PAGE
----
• Fortunately, Queensland councils aren't allowed to rate the so-called capital-improved value (or CIV), which is the combined value of the house and land. But, as a matter of interest, and contrary to the propaganda that we have to endure in Victoria, the land value is a better measure of capacity to pay than the CIV.
  • CIV rating is a tax on renters, and hence a tax on the poor, because it deters construction and therefore reduces the supply of housing and pushes up rents.
  • CIV rating is a tax on large families, because larger families need bigger houses.
  • CIV rating tends to be a tax on people with mortgages, because more valuable buildings tend to be newer, and newer buildings tend to have been bought more recently, in which case they're more likely to be encumbered by debt.
  • CIV rating favours owners of vacant lots, who might be investors or speculators or developers, but definitely not occupants.
  • Land-value rating has none of these faults.
  • The land-value better reflects unearned capacity to pay, because in the long term, land tends to be worth more than people paid for it, while buildings tend to be worth less.
  • The land value reflects “capacity to pay” as expressed in locational choices. Accommodation in more desirable locations is worth more, not because it's more expensive to build there, but because the land is worth more.
  • The land value reflects “capacity to pay” as conferred by locational advantage. Good public transport reduces car-related costs; proximity to amenities reduces transport costs in general; central locations give assess to more job opportunities; and so on.

Fifth, rating the land value is equitable because it maximizes the woefully inadequate compensation for unequal success in the property market.

  • If the value of the location of your home declines relative to other locations in your local government area, the only compensation you get is a reduction in your share of the rates bill. And of course the market knows about rates. So the decline in the market value of your land is proof that the saving in rates doesn't fully compensate for whatever is causing the decline.
  • If, on the contrary, the value of the location of your home rises relative to other locations, then, because there's no capital gains tax or land tax on the family home, the only clawback that you suffer is through the rates bill. And again, the rise in the value of your land is proof that whatever is causing the rise outweighs the rates implication.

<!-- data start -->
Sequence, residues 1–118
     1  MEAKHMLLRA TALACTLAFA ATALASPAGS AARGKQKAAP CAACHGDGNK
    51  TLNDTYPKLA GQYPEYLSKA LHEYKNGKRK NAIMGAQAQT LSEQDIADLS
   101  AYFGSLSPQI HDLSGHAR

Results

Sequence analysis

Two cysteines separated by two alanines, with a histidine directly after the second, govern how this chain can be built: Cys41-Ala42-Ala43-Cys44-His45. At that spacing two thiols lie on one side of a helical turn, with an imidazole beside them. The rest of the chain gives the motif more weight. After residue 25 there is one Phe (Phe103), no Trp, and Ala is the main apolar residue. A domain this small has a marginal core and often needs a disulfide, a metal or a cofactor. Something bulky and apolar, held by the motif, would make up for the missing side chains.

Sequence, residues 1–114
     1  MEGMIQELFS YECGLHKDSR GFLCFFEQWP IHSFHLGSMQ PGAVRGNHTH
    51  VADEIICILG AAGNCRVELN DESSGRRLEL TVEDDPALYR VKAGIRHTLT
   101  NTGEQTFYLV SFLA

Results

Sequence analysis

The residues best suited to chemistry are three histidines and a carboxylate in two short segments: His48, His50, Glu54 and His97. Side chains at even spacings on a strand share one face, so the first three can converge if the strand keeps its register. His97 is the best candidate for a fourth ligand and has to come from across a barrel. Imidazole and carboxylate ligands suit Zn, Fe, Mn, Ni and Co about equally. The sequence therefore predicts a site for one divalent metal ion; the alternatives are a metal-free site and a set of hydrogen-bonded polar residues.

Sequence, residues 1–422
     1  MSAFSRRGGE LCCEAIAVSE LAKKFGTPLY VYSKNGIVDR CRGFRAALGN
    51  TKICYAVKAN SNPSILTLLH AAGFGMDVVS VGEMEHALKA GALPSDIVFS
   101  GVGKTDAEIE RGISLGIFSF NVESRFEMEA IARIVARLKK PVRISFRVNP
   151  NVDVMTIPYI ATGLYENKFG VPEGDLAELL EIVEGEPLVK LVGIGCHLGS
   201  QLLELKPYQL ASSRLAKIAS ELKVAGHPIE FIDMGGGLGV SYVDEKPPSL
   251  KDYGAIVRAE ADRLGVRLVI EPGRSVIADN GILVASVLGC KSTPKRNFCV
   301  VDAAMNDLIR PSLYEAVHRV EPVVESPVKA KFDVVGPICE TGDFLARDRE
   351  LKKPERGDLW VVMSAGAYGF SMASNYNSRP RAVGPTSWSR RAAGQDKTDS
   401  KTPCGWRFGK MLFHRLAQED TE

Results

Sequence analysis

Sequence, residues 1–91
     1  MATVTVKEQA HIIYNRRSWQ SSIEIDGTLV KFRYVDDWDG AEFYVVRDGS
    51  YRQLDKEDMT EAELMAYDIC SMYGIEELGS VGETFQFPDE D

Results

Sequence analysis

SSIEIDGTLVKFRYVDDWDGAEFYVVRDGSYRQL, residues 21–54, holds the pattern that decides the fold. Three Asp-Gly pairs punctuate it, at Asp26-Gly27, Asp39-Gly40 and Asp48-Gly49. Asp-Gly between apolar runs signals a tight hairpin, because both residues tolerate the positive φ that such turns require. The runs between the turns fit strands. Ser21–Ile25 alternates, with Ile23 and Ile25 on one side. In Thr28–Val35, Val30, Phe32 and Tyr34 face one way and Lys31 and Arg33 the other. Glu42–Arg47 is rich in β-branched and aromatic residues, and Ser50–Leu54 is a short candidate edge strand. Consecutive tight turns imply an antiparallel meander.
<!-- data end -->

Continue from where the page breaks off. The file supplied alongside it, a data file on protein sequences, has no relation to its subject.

It might be said — and indeed I've said it myself — that if you're an ordinary home owner, a general increase in home prices doesn't do you any good, because the higher selling price of your present home is offset by the higher purchase prices of alternative homes. But:

  • That argument applies to a general increase in prices. If the price of your home rises relative to others, you are indeed better off.
  • And land-value rating doesn't simply convert higher land values into higher bills, because the Council doesn't start with a fixed rate in the dollar. It starts by deciding how much revenue it needs, and then it divides the total revenue by the total land value to work out the rate in the dollar. So if all the land values rise by the same percentage, that doesn't make any difference to the final bills. But if the land values change relative to each other, that does make a difference.

And because the changes in bills partly offset the changes in relative values, they partly compensate for the varying fortunes of the property market.

So, if the rates are levied on land values, home ownership becomes somewhat less of gamble... The element of gambling isn't completely removed. But it is partly removed; and, given that Australians lose more money on gambling per head of population than any other nation on earth, every moderating influence helps.

But the minimum-rate merchants turn that logic on its head. They pretend

  • that if the value of your property rises by $50,000, causing your rates bill to rise by $500, then you're a victim of your rising asset values and deserve relief,